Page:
Cassio de Campos ; Marloes H. Maathuis (Ed.)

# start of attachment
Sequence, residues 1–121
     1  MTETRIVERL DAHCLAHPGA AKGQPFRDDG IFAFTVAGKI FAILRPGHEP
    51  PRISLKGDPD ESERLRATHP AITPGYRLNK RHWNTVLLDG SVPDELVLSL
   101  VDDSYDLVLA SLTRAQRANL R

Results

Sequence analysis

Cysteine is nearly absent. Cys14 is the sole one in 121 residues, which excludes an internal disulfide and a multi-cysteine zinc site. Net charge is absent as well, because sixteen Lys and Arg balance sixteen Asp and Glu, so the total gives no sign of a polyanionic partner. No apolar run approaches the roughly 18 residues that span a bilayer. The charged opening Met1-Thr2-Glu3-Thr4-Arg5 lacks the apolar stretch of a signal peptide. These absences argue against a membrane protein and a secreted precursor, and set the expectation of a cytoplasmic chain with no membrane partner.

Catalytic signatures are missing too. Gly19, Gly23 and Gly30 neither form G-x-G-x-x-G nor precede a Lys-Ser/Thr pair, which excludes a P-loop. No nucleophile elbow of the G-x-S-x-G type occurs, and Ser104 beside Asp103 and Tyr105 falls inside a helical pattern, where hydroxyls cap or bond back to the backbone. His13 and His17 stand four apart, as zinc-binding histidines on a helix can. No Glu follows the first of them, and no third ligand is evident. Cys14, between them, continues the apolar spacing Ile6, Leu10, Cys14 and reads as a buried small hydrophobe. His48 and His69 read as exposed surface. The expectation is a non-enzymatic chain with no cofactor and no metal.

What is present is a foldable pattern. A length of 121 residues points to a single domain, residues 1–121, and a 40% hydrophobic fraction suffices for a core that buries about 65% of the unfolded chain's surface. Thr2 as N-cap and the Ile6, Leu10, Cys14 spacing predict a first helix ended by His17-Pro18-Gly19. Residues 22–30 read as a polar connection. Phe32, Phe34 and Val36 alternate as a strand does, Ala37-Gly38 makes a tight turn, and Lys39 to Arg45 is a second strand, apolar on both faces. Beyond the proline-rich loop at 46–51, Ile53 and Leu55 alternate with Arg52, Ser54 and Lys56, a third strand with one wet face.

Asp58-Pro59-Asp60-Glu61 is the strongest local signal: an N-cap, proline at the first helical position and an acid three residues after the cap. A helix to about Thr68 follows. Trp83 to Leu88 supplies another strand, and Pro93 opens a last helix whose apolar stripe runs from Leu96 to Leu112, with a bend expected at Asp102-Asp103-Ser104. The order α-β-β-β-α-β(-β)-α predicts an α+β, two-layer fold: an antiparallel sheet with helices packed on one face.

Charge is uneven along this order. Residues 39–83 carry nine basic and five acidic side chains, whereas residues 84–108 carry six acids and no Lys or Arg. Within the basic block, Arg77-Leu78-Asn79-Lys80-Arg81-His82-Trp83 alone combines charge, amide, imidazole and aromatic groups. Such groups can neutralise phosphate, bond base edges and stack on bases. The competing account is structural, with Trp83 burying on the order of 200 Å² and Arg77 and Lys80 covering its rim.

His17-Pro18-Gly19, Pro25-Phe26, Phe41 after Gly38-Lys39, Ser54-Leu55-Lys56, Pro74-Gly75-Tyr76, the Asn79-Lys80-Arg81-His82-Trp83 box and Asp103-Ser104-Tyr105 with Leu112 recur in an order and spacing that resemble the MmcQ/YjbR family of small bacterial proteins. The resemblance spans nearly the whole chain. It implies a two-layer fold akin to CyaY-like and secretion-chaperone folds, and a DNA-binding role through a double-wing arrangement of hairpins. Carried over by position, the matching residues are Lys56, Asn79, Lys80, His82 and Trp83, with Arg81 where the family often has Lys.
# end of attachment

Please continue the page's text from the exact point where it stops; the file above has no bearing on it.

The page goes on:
When data contains measurement errors, it is necessary to make modeling assumptions relating the error-prone measurements to the unobserved true values. Work on measurement error has largely focused on models that fully identify the parameter of interest. As a result, many practically useful models that result in bounds on the target parameter -- known as partial identification -- have been neglected. In this work, we present a method for partial identification in a class of measurement error models involving discrete variables. We focus on models that impose linear constraints on the tar- get parameter, allowing us to compute partial identification bounds using off-the-shelf LP solvers. We show how several common measurement error assumptions can be composed with an extended class of instrumental variable-type models to create such linear constraint sets. We further show how this approach can be used to bound causal parameters, such as the average treatment effect, when treatment or outcome variables are measured with error. Using data from the Oregon Health Insurance Experiment, we apply this method to estimate bounds on the effect Medicaid enrollment has on depression when depression is measured with error.